TOKYO -- The Bank of Japan's latest Tankan business sentiment survey has offered some fresh signs that the "virtuous cycle" touted by the central bank as a big prop for the economy is winding down.
Economic slowdowns in key emerging countries and the yen's upturn against other major currencies have combined to pull down earnings of Japanese companies, especially manufacturers.
The findings of the central bank's March survey, released Friday, show dark clouds gathering over the corporate earnings landscape, which has been bright for some time.
The closely watched diffusion index of business conditions for big manufacturers dropped to 6, a decline of 6 points from the December survey.
One important signal of the deteriorating business environment for Japanese manufacturers is the diffusion index measuring manufacturers' views about overseas supply and demand conditions for products. The index -- which subtracts the percentage of manufacturers that saw "excess supply" from that of respondents who described the situation as "excess demand" -- fell 2 points from the previous survey to minus 11.
It represents the lowest reading since March 2013.
That basically means overseas demand for Japanese products has fallen to a level before the BOJ and its then new governor, Haruhiko Kuroda, began an aggressive "new dimension" in monetary easing.
The yen's upswing from the beginning of this year is also threatening to decimate the profits of exporters.
Large manufacturers said they expect a 3.5% decline in their pretax profits for the fiscal year that ended Thursday, down by 6.6 points from their previous estimate, according to the survey results.
It would be the first fall in their pretax profits in four years.
Large manufacturers also forecast a 1.9% drop in their pretax profits for fiscal 2016, which started on Friday.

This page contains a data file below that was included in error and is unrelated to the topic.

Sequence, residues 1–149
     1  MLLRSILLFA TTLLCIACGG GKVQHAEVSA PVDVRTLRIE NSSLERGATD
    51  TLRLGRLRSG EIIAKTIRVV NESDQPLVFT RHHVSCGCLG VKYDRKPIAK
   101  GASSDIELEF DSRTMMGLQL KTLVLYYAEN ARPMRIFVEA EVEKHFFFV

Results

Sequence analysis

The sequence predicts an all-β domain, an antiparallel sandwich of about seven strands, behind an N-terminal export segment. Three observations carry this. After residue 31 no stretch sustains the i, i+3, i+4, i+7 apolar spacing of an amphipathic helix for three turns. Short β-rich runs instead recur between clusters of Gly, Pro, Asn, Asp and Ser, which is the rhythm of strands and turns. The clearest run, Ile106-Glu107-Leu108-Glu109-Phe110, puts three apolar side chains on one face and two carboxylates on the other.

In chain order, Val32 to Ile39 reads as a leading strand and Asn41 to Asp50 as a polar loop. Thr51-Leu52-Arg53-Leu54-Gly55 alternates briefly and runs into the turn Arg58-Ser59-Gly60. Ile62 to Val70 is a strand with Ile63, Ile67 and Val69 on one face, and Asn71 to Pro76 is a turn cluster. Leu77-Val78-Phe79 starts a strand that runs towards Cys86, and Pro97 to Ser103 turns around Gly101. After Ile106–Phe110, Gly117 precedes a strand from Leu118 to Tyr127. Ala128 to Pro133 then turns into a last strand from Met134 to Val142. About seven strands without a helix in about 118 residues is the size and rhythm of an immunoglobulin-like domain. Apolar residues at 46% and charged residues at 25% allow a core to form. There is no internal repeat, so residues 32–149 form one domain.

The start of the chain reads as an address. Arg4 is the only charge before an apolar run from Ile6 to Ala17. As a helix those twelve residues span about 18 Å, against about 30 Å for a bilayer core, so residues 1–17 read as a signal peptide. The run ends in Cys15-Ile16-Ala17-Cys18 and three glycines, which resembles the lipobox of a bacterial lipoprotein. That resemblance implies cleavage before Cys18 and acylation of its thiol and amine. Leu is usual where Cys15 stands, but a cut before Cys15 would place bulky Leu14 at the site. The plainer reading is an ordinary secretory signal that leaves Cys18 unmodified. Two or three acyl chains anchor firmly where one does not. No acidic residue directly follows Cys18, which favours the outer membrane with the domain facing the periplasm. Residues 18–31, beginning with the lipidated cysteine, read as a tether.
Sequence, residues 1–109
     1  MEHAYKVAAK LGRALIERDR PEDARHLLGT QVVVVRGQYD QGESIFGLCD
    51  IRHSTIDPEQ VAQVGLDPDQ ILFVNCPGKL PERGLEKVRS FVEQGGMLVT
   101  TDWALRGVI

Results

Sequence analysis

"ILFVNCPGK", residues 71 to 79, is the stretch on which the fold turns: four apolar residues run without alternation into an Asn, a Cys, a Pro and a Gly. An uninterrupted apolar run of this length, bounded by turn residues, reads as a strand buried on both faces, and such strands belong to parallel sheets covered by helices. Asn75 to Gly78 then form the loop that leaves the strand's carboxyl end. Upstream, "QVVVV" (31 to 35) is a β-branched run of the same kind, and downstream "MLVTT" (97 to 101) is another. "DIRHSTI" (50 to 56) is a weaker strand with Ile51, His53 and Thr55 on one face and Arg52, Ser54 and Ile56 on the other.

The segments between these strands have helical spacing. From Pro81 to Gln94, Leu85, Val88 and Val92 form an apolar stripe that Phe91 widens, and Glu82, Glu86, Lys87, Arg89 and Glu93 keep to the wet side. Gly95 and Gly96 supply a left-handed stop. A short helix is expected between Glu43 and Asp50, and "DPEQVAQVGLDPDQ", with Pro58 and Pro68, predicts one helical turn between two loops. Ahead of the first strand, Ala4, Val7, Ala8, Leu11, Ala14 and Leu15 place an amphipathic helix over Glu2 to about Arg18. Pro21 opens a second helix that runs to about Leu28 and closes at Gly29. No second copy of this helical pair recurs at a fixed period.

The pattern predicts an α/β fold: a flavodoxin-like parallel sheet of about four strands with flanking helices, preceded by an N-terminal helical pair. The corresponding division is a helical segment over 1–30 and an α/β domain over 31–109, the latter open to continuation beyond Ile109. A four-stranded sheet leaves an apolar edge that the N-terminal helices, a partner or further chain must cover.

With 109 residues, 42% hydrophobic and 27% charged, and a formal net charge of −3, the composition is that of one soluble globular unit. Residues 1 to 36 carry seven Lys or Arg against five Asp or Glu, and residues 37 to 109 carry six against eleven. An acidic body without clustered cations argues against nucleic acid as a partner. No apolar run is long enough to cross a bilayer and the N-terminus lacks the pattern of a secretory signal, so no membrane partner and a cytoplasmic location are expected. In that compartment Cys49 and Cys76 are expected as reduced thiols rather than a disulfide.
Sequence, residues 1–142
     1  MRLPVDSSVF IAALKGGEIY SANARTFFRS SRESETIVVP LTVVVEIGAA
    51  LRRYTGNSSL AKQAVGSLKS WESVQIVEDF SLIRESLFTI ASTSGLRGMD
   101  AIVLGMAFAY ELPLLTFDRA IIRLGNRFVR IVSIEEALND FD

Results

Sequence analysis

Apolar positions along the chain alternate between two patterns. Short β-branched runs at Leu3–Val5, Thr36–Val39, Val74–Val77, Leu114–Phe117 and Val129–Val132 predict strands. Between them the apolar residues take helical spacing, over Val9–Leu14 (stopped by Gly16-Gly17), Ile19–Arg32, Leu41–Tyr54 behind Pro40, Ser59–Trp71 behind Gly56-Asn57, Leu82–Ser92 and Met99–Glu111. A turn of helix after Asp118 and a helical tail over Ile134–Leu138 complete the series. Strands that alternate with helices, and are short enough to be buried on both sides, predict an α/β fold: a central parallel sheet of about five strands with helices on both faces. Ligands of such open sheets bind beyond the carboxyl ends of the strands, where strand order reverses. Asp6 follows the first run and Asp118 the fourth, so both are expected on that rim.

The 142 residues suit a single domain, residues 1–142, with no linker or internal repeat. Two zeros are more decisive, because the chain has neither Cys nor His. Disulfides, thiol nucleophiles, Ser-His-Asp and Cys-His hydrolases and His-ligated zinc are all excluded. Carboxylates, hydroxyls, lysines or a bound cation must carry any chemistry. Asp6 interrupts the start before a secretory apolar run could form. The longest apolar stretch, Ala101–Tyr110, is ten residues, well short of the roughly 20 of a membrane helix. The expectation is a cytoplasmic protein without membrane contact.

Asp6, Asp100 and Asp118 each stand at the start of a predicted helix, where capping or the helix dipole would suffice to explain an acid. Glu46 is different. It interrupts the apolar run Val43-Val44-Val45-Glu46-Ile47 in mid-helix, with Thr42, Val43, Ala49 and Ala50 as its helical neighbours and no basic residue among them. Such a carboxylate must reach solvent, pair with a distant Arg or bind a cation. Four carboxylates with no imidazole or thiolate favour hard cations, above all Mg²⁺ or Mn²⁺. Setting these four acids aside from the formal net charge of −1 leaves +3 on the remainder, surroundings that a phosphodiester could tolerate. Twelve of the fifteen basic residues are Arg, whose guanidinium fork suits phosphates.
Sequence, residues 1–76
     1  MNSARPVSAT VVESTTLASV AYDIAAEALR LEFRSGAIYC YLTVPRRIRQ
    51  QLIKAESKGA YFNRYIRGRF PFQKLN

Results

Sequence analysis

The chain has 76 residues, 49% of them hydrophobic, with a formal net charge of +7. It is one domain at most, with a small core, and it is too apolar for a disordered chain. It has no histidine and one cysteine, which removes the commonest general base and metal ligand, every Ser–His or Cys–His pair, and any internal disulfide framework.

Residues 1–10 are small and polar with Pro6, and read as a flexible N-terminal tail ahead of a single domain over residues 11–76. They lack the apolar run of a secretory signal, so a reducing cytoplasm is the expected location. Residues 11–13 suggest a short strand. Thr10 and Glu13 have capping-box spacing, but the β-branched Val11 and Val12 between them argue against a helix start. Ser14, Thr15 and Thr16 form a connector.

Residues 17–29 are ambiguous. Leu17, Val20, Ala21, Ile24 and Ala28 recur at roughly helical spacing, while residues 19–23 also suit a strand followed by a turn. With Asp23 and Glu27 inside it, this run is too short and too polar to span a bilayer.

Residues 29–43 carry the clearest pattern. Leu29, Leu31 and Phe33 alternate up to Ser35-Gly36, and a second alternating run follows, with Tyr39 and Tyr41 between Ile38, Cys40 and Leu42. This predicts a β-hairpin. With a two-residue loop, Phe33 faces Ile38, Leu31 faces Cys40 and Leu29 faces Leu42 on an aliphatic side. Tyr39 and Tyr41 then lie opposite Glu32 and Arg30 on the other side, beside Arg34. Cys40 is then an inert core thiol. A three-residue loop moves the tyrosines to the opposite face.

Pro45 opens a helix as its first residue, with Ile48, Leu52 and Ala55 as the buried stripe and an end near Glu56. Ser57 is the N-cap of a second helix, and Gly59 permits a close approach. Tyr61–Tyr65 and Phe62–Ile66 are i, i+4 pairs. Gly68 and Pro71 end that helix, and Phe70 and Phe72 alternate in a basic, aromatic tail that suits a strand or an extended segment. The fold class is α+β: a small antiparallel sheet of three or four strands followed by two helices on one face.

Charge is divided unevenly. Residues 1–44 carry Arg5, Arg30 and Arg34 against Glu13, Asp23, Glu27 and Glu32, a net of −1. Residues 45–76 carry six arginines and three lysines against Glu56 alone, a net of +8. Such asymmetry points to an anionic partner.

Large nonmanufacturing companies see slower growth in pretax profits for fiscal 2015 and a fall for fiscal 2016.
Japan's economic recovery, engineered by Prime Minister Shinzo Abe's reflationary economic policy, known as Abenomics, has been driven mainly by surging corporate profits on the back of a weaker yen.
The BOJ remains confident in the strength and durability of the recovery. Kuroda has said the mechanism that takes growing income and uses it to boost spending is still at work.
But the weakening of overseas economies and the yen's strengthening have jogged some of the mechanism's cogs.
This worsening of the business environment could discourage capital investments and wage hikes by companies that are now developing business plans for the new fiscal year.
Corporate capital spending remained robust in fiscal 2015. Large companies estimated their investment on facilities and equipment in the year to have increased by 9.8% from the previous year. Even though the figure represents a 0.9-point fall from the previous survey, it is still the highest reading for a March Tankan since fiscal 2006, when the forecast was for 11.9% more spending on facilities and equipment.
But major Japanese companies are planning to cut their collective capital budget by 0.9% for fiscal 2016.
This means the past pattern of slashing capital spending in response to slowing overseas economies is holding up.